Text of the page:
Peacebuilding and Nonviolence: Beyond the Cliches
November 2-4, 2017

The peacebuilding conference is free and open to the public. Register for Saturday's free lunch.

Thursday, Nov. 2

4-7:30 p.m.
Avila University
Thornhill Gallery

Screening and discussion of Chi Raq

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Friday, Nov. 3

1-4 p.m.
Park University
PDL Conference Center

Academic Papers and Posters

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Saturday, Nov. 4

9 a.m.-3:15 p.m.
Johnson County Community College
Regnier Center

Community Presentations and Keynote Speaker

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Let's break ground together…
…and explore how we can plant the seeds of positive peace and justice.
…and move beyond one-dimensional characterizations about peace and peacebuilders.
…and build, or rebuild, relationships across boundaries real and perceived.
…in our community, our nation, and our world.


Keynote Speaker: Sita Ranchod-Nilsson

Sita Ranchod-Nilsson

"Women as Essential Nonviolent Peacebuilding Leaders: Lessons from Africa."

Saturday, Nov. 4
9:30 a.m.
Johnson County Community College
Hudson Auditorium

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About the Keynote Presentation

Peacebuilders worldwide are well aware of the fact that women make significant contributions to sustainable peace processes. Unlike their male counterparts, they tend to be more interested in responsibility sharing than power sharing, and concentrate firmly on psychological recovery, reconstruction of schools and hospitals, and procedures for productive dialogue. Yet their efforts are often overlooked by mainstream media outlets and military powers around the world.

About Ranchod-Nilsson, PhD

Sita Ranchod-Nilsson is a scholar and an instigator of global initiatives that connect scholarship and practice on building peace, alleviating gender-based violence and bridging diverse constituencies for social change. With more than 25 years in higher education, Ranchod-Nilsson is a sought-after advisor and strategist because of her strong record of building landmark programs, managing international projects and leading key initiatives that advance sustainable social transformation.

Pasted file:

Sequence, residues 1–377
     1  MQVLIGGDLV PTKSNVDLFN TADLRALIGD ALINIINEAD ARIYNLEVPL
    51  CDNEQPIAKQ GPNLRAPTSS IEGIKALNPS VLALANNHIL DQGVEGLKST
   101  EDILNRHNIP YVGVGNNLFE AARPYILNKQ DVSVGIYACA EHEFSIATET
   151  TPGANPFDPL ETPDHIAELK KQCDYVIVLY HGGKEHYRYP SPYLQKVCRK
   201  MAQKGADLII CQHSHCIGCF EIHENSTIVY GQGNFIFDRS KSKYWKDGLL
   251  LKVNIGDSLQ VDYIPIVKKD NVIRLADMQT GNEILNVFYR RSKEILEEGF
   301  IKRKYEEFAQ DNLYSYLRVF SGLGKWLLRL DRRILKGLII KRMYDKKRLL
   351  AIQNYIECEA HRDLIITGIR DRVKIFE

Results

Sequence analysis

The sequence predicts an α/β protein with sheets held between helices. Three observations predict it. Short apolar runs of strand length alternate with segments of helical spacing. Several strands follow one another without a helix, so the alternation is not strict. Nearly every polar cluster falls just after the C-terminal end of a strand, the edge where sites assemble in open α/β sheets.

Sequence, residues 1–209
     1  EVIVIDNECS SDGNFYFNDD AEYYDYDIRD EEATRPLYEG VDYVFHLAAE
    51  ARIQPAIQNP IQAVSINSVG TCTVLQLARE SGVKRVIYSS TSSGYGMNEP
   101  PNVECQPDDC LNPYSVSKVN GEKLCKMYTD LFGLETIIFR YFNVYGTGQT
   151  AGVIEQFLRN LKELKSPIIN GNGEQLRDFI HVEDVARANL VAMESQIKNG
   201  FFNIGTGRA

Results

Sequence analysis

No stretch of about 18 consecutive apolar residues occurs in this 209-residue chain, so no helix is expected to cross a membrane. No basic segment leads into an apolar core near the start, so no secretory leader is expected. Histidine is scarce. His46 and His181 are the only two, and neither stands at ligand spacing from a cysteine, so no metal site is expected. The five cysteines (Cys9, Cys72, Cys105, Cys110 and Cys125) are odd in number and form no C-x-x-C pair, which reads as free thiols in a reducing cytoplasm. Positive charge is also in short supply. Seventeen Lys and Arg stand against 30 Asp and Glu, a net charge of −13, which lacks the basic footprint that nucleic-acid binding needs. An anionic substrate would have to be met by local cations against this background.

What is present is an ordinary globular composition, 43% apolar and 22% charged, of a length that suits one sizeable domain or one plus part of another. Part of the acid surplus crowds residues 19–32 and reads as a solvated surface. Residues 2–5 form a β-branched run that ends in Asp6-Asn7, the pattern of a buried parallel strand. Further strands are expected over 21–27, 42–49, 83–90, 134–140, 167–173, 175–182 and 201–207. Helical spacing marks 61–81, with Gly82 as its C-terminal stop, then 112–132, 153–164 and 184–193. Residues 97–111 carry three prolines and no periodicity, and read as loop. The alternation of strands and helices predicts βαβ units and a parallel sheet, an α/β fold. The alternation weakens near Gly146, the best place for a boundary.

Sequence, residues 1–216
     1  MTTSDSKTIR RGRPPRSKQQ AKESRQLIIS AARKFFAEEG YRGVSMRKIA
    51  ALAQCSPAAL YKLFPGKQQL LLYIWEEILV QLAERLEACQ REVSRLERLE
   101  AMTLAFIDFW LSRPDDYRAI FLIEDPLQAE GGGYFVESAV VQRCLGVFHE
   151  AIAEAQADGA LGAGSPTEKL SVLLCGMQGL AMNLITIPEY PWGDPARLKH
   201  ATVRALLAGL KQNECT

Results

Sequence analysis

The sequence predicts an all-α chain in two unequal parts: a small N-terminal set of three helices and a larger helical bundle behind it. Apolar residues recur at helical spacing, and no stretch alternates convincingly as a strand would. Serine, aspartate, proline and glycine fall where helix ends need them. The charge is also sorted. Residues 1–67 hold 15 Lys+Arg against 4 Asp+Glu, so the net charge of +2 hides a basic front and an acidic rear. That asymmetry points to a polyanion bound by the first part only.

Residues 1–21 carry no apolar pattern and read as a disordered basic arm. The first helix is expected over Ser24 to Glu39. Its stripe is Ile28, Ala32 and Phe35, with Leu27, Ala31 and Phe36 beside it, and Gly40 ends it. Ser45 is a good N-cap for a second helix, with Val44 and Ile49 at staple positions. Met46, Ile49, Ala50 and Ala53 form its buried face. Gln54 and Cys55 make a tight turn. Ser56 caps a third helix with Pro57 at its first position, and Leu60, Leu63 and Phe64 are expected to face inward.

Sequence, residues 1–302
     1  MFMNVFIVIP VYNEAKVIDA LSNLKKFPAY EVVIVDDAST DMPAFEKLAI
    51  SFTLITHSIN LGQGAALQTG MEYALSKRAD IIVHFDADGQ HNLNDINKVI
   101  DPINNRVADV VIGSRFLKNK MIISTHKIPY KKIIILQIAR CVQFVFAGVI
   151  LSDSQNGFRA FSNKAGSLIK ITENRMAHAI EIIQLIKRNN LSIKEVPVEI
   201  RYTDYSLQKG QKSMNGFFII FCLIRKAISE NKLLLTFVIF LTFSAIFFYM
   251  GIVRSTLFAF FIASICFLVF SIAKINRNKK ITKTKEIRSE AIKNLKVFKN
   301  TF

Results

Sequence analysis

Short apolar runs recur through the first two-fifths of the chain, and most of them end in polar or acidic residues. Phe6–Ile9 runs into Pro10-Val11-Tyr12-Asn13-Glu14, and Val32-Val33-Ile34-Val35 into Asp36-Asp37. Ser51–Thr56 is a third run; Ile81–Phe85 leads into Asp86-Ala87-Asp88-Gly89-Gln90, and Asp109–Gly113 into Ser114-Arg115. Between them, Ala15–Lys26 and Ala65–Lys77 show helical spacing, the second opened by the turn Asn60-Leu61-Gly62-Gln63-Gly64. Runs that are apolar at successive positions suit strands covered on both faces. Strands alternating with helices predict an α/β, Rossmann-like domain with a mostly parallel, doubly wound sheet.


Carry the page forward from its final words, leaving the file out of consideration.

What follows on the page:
From 2007-2017, Ranchod-Nilsson led the Institute for Developing Nations (IDN), a partnership between Emory University in Atlanta and The Carter Center. IDN focused on engaging scholars and practitioners to find new ways for higher education to help solve the world’s most complex development problems. IDN initiatives targeted issues that disproportionately impact low-income countries, such as gender-based violence, rule of law, transitional justice, civil society and peacebuilding in post-conflict contexts, as well as disease elimination and eradication. As IDN director, Ranchod-Nilsson also led key university partnerships with institutions in Ethiopia, Mexico, Liberia, China and Sudan. After leading IDN for a decade, Ranchod-Nilsson left Emory to focus on issues related to women, girls and social justice.

Before being recruited by Emory, Ranchod-Nilsson served as director of the international studies program and associate professor of international studies at Denison University in Granville, Ohio. She holds a Ph.D. in political science from Northwestern University and a bachelor’s degree in philosophy from Denison. She is co-editor of the book “Women, States and Nationalism: At Home in the Nation?” Her work has appeared in journals including Politics & Gender, The Journal of Southern African Studies, African Studies Review and The Journal of Women’s History, and in numerous edited volumes.

About Peacebuilding

"Peacebuilding" refers to activities undertaken to prevent conflict and establish sustainable peace. These activities combat the causes of violence through reconciliation, trauma healing, restorative justice and development while addressing social, political and economic systems that inhibit sustainable, peaceful relationships.

Sponsored by: